Mettler-Toledo Group

A dozen miles east of Zurich and its green farmland dotted with small towns. I'm in downtown Greifensee though I wouldn't call this a town but more like a village. I don't see how this somewhat remote place could possibly be the headquarters for Mettler-Toledo, the world's largest manufacturer of weighing instruments. It's just before noontime on a rainy day as I pop into the local market for directions. Hmm, they say to follow this road, then turn right, then left after a hill. The directions take me past residential housing with nary an industrial or office park in sight. Still skeptical I make the left turn after the hill and there, at the end of a dead-end street, stands the multi-building headquarters for Mettler-Toledo.

The large lobby is filled with a slew of displays showing off the company's wide range of products. While friendly receptionist Irene Stutz finds out who's my contact person, I peruse the exhibits. Besides scales used in food retailing, there's weighing instruments used in laboratory and industrial applications as well as automated chemistry systems. Mettler-Toledo is also the world's largest manufacturer of metal detection and other end-of-line inspection systems used in production and packaging. Along with all the latest modern products are several old-timers such as a balance scale from 1913.

Mettler-Toledo is a US-based company listed on the NYSE but most of the executives hang their hats here in Greifensee. Revenues in 2001 were $1.1 billion with 8,500 employees.

The accommodating Gudrun Dreier, Corporate Communications, answers questions and gives a tour. It's not until Dreier shows me an aerial photograph of this and surrounding area that I realize the size of their facility. Behind the headquarters complex of about six buildings stands a factory complex of another half-dozen or so buildings. Jeez, almost 800 people work here. Train tracks pass near the rear of the factory with a train stop close by. You can hop on a commuter train and it'll zip you into Zurich's central station in 10 minutes. The country road I traveled to get here passed along farmland and gave no inkling as to the level of development behind a forest of trees running along one side of the road-then again, it was raining.

Built in the 1970's, headquarters is a three-story building, topped by a six-story structure, built around a courtyard. About 80 people work here. There's plenty of employee parking, smoking is allowed in offices, it's 20-minutes by car to Zurich Airport and two minutes to the nearest freeway. Everyone eats in the cafeteria and Dreier says the food is "very good". I concur as I'm treated to lunch and give it my highest possible rating-the two thumbs up. I even spot CEO Robert Spoerry eating at the next table.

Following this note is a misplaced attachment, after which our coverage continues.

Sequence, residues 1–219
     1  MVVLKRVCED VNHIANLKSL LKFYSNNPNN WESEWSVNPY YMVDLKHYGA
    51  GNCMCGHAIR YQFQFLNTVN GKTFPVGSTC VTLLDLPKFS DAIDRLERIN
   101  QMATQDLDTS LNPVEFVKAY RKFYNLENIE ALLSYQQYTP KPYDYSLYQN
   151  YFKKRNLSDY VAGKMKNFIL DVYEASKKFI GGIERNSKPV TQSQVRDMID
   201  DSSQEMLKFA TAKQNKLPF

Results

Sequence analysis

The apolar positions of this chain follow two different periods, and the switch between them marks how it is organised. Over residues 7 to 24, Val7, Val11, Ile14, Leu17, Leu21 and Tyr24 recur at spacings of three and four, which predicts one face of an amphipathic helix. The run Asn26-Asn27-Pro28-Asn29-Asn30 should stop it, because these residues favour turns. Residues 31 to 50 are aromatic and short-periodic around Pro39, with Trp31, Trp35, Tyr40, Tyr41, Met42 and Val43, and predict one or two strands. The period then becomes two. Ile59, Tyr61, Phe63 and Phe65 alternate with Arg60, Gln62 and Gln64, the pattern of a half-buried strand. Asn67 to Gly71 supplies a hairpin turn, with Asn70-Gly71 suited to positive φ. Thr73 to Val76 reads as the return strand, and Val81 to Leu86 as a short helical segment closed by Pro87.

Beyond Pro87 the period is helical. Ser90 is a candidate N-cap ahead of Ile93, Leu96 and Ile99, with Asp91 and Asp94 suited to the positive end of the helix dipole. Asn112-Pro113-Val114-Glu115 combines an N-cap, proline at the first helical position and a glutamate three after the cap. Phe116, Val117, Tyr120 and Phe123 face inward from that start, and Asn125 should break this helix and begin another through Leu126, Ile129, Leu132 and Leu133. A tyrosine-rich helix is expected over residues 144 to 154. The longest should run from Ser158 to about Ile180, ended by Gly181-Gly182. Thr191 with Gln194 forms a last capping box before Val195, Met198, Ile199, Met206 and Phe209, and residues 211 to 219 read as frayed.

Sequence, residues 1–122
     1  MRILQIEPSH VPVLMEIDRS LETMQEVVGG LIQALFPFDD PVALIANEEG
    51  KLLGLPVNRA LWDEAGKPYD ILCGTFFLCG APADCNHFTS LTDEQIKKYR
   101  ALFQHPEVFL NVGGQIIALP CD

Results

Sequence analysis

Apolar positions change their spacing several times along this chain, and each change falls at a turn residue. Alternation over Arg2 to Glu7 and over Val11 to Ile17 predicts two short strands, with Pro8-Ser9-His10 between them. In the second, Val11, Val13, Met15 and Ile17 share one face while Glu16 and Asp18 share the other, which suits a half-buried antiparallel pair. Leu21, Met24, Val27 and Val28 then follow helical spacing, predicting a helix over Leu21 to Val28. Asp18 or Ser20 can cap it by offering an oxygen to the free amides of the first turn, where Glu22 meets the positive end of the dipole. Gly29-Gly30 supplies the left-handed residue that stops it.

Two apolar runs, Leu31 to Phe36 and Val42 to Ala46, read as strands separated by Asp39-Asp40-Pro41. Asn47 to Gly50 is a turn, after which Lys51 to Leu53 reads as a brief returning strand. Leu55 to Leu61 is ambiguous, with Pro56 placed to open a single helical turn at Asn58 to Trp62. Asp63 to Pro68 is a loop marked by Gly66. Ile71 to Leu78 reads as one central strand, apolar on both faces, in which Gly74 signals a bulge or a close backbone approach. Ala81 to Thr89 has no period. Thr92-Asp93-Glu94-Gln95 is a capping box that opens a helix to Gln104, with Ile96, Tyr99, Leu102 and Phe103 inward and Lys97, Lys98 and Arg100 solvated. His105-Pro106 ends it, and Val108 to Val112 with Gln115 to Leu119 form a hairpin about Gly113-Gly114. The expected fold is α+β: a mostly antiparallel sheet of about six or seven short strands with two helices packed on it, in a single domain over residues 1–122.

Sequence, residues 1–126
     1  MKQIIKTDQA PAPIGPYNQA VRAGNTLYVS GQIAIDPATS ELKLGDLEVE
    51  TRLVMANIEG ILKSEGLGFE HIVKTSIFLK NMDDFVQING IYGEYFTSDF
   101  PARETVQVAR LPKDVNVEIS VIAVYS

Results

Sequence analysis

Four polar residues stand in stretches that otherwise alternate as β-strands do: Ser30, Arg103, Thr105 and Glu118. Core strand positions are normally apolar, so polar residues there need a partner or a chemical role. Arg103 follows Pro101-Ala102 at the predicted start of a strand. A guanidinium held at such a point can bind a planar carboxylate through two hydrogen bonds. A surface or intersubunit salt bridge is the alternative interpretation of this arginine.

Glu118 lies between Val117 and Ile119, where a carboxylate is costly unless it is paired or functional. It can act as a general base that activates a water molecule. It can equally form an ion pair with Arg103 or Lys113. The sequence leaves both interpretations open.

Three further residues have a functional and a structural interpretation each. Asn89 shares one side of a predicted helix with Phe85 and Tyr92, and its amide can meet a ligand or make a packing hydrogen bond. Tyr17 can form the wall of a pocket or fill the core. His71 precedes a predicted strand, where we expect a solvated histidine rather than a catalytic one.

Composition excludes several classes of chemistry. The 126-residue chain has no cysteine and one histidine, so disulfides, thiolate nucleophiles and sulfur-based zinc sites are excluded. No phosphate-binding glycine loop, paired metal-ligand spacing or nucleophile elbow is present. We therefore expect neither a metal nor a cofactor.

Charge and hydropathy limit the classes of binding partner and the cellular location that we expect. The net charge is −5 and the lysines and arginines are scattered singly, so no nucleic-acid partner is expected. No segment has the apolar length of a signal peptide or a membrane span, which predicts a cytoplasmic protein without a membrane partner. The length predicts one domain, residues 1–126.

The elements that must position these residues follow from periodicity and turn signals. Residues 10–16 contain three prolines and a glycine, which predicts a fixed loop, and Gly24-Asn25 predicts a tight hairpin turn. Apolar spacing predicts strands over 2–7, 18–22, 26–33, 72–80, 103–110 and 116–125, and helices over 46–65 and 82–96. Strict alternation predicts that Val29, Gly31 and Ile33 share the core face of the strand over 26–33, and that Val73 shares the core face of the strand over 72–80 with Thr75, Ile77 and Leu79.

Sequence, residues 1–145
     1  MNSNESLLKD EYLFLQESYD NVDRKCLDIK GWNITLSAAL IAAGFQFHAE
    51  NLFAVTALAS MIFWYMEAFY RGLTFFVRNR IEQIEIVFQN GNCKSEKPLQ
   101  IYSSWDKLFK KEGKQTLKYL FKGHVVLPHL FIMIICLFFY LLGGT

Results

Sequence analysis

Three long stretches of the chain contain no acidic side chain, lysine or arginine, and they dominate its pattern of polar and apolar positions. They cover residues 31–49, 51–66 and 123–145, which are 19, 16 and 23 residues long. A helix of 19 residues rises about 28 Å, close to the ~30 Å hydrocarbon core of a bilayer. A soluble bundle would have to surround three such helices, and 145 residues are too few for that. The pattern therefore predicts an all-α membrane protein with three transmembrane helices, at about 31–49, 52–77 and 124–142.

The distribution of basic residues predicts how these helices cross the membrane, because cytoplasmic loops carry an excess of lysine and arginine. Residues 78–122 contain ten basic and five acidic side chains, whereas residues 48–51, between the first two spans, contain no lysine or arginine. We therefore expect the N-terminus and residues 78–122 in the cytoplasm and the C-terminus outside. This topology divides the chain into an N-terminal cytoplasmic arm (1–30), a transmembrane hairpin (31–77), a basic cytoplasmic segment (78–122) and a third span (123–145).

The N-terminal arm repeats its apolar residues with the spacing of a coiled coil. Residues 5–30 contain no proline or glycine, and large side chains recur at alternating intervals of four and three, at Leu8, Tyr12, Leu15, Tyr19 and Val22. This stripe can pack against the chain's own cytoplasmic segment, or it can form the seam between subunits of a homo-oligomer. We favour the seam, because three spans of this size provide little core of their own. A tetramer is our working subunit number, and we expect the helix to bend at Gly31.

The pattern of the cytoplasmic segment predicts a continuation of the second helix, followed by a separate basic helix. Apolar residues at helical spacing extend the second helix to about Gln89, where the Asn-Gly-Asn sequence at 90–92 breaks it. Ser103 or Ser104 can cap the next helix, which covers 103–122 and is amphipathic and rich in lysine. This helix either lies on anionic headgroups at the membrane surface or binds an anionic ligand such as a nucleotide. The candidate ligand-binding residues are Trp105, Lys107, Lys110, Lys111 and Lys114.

The company's logo is unusual-it's the view you see looking down onto a pyramid. Why? The pyramid comes to a point at its top---meaning it's precise. There're are no recreational facilities on-site but showers are available. Not a bad place to go for a run-right across from headquarters sheep and horses are grazing. I can't see CEO Spoerry's top floor middle due to his being in meetings. Any employee perks? The company pays for half-fare tickets on the train.

During the tour of the factory Dreier mentions Mettler-Toledo having a "daughter kilo". My reaction---"what the heck are you talking about?" I learn that in Paris, France there exists a "mother kilo". This is the master kilo used as a basis of measurement to measure all other kilos (a kilo equals 2.2 pounds). Each country has a "daughter kilo" and guess whose factory houses the Swiss member of this close knit family? It's still lunchtime as Dreier sets out to show me this "daughter kilo". She hasn't seen it in several years but knows it's in the basement. Unfortunately there're dozens of rooms, most are locked and no one is around to tell us anything so, I leave unfulfilled